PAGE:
Rainer Maria Rilke, Paul Verlaine, Harry Mulisch, Chang-Rae, Marja Brouwers

Dolce far niente


Das ist die Sehnsucht: Wohnen im Gewoge


Das ist die Sehnsucht: Wohnen im Gewoge

und keine Heimat haben in der Zeit.

Und das sind Wünsche: Leise Dialoge

täglicher Stunden mit der Ewigkeit.


Und das ist Leben. Bis aus einem Gestern

die Einsamste von allen Stunden steigt,

die, anders lächelnd als die andern Schwestern,

dem Ewigen entgegenschweigt.



Rainer Maria Rilke (4 december 1875 – 29 december 1926)

Herensteeg, Leiden



Chanson d’automne


Les sanglots longs

Des violons

De l’automne

Blessent mon coeur

D’une langueur



Tout suffocant

Et blême, quand

Sonne l’heure,

Je me souviens

Des jours anciens

Et je pleure;


Et je m’en vais

Au vent mauvais

Qui m’emporte

Deçà, delà

Pareil à la

Feuille morte.



Paul Verlaine (30 maart 1844 – 8 januari 1896)

Pieterskerkhof, Leiden

Doorgaan met het lezen van “Rainer Maria Rilke, Paul Verlaine, Harry Mulisch, Chang-Rae, Marja Brouwers”

Guillermo Martínez

De Argentijnse schrijver en wiskundige Guillermo Martínez werd geboren in Bahía Blanca op 29 juli 1962. Hij behaalde zijna PhD in mathematische logica aan de Universiteit van Buenos Aires. Hierna werkte hij voor twee jaar als postdoc aan het Mathematical Institute van de Universiteit van Oxford. Zijn eerste boek was de korte verhalenbundel “La jungla sin bestias”. In 1989 kreeg hij voor zijn verhalenbundel “Infierno Grande” de Argentijnse Roberto Arlt prijs. Zijn meest succesvolle roman is “Crímenes imperceptibles”, geschreven in 2003. In datzelfde jaar werd hem daarvoor de Planeta Prijs toegekend. Het boek is vertaald in 35 talen, en is ook verfilmd, The Oxford Murders, in 2008, door Álex de la Iglesia. Veel essays van zijn hand (in het Spaans) zijn te vinden op zijn webpagina.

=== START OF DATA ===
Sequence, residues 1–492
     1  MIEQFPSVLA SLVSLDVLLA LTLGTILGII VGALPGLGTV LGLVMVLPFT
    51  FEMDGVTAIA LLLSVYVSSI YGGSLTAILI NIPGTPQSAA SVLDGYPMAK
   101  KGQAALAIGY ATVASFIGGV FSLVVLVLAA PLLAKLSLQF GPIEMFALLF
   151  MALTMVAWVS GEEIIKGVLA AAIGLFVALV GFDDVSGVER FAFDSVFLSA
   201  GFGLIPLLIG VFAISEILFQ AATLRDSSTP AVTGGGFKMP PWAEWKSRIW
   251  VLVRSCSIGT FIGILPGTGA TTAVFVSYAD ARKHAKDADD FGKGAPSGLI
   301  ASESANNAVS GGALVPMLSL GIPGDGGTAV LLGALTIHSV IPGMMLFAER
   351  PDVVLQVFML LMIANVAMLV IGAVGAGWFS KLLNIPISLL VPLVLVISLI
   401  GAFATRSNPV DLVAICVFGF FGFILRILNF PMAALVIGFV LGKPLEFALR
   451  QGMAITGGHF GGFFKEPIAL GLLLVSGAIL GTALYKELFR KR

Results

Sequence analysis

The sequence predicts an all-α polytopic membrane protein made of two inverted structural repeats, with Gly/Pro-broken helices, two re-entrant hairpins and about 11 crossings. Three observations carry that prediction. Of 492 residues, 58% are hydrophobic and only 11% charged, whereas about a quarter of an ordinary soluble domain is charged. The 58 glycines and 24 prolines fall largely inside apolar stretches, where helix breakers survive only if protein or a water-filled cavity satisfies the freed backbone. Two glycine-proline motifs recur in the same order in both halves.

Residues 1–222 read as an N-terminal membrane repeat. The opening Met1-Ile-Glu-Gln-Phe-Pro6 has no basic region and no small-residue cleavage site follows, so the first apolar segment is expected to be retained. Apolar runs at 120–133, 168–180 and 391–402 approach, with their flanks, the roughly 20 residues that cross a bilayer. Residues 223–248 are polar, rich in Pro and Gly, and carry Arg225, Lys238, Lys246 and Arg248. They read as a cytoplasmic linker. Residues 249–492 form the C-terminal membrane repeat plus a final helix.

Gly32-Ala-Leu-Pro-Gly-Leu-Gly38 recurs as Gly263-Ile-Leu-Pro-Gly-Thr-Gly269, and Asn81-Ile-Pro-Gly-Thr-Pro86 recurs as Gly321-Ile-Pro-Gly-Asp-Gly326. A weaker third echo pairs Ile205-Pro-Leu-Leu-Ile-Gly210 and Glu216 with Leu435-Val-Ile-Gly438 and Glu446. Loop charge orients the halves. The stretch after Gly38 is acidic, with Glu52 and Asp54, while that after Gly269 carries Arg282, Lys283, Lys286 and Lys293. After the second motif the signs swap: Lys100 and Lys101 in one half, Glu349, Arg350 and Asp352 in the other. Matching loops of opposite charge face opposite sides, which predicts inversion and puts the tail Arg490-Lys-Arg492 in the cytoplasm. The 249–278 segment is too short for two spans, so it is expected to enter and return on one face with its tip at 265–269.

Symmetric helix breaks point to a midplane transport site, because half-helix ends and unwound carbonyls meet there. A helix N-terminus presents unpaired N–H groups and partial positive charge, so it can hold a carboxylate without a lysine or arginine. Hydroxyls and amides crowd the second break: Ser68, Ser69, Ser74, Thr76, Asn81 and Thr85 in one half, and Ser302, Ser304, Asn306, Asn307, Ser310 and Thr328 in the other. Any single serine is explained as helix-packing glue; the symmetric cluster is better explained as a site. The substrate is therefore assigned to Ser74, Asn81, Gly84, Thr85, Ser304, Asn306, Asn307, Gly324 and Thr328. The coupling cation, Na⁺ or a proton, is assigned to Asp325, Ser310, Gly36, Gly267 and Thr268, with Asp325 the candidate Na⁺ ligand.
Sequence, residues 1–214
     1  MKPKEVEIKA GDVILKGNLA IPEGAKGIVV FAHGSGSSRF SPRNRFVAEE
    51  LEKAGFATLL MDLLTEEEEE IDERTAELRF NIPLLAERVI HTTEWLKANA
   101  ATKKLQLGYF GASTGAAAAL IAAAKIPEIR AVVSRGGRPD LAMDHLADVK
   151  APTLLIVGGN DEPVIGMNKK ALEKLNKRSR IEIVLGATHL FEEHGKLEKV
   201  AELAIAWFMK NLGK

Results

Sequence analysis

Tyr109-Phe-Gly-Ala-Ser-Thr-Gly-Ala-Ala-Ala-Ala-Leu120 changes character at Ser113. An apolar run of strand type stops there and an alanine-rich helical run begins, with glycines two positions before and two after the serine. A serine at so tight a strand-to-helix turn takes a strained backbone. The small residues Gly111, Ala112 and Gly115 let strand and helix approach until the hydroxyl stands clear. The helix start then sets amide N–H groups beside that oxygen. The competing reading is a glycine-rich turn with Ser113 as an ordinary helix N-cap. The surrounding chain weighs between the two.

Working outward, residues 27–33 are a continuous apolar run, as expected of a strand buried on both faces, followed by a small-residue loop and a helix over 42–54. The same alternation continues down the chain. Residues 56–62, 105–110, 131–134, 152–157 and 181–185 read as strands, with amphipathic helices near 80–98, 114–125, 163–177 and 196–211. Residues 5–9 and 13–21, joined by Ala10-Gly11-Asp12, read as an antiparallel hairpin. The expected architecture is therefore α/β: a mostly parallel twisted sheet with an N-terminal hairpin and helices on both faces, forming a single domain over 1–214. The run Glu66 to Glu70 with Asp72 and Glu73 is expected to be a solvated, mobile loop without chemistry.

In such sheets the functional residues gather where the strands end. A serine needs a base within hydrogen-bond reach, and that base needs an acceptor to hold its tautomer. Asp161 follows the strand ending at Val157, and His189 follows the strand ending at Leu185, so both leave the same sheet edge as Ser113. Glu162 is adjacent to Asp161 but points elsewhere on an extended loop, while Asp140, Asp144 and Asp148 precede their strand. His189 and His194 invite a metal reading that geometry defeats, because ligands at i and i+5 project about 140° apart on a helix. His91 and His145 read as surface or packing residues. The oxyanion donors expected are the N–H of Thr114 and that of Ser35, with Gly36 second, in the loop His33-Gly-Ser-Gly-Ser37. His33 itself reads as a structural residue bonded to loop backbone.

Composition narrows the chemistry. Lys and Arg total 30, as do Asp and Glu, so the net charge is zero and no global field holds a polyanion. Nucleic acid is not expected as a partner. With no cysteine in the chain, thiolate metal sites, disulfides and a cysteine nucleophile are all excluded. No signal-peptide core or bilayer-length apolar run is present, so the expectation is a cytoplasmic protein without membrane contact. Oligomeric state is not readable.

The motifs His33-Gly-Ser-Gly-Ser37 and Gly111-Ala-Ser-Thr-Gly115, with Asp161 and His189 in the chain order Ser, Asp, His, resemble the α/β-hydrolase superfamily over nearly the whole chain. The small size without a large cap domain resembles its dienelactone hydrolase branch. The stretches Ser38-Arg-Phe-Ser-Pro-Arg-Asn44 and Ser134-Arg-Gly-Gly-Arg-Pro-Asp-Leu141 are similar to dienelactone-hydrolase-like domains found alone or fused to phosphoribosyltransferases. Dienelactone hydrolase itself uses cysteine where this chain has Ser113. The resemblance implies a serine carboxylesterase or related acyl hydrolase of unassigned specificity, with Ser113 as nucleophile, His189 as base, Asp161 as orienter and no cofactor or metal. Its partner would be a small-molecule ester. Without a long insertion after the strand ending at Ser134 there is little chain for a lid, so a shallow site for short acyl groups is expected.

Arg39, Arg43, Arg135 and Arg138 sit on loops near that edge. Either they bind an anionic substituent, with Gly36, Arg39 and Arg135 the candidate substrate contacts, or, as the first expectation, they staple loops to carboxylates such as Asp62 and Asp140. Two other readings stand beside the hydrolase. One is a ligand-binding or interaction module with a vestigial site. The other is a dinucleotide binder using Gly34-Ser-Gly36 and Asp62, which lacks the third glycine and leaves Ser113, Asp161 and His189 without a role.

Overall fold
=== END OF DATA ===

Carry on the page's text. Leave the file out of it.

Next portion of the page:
Uit:The Oxford Murders (Vertaald door Sonia Soto)

“Now that the years have passed and everything’s been forgotten, and now that I’ve received a terse e-mail from Scotland with the sad news of Seldom’s death, I feel I can break my silence (which he never asked for anyway) and tell the truth about events that reached the British papers in the summer of ’93 with macabre and sensationalist headlines, but to which Seldom and I always referred — perhaps due to the mathematical connotation — simply as the series, or the Oxford Series. Indeed, the deaths all occurred in Oxfordshire, at the beginning of my stay in England, and I had the dubious
privilege of seeing the first at close range.
I was twenty-two, an age at which almost anything can still be excused. I’d just graduated from the University of Buenos Aires with a thesis in algebraic topology and was travelling to Oxford on a year’s scholarship, secretly intending to move over to logic, or at least attend the famous seminars run by Angus MacIntyre. My supervisor, Dr Emily Bronson, had made all the preparations for my arrival with meticulous care. She was a professor and fellow of St Anne’s, but in the e-mails we exchanged before my trip she suggested that, instead of staying in the rather uncomfortable college accommodation, I might prefer — grant money allowing — to rent a room with its own bathroom, kitchen and entrance in the house of a Mrs. Eagleton, a delightful and discreet lady, she said, the widow of her former professor. I did my sums, as always a little optimistically, and sent off a cheque for advance payment of the first month’s rent, the landlady’s only requirement.
A fortnight later I was flying over the Atlantic in the incredulous state which overcomes me when I travel: it always seems much more likely, and more economical as a hypothesis — Ockham’s Razor, Seldom would have said — that a last-minute accident will send me back to where I started, or to the bottom of the sea, than that an entire country and the immense machinery involved in starting a new life will appear eventually like an outstretched hand down below.“


Guillermo Martínez (Bahía Blanca, 29 juli 1962)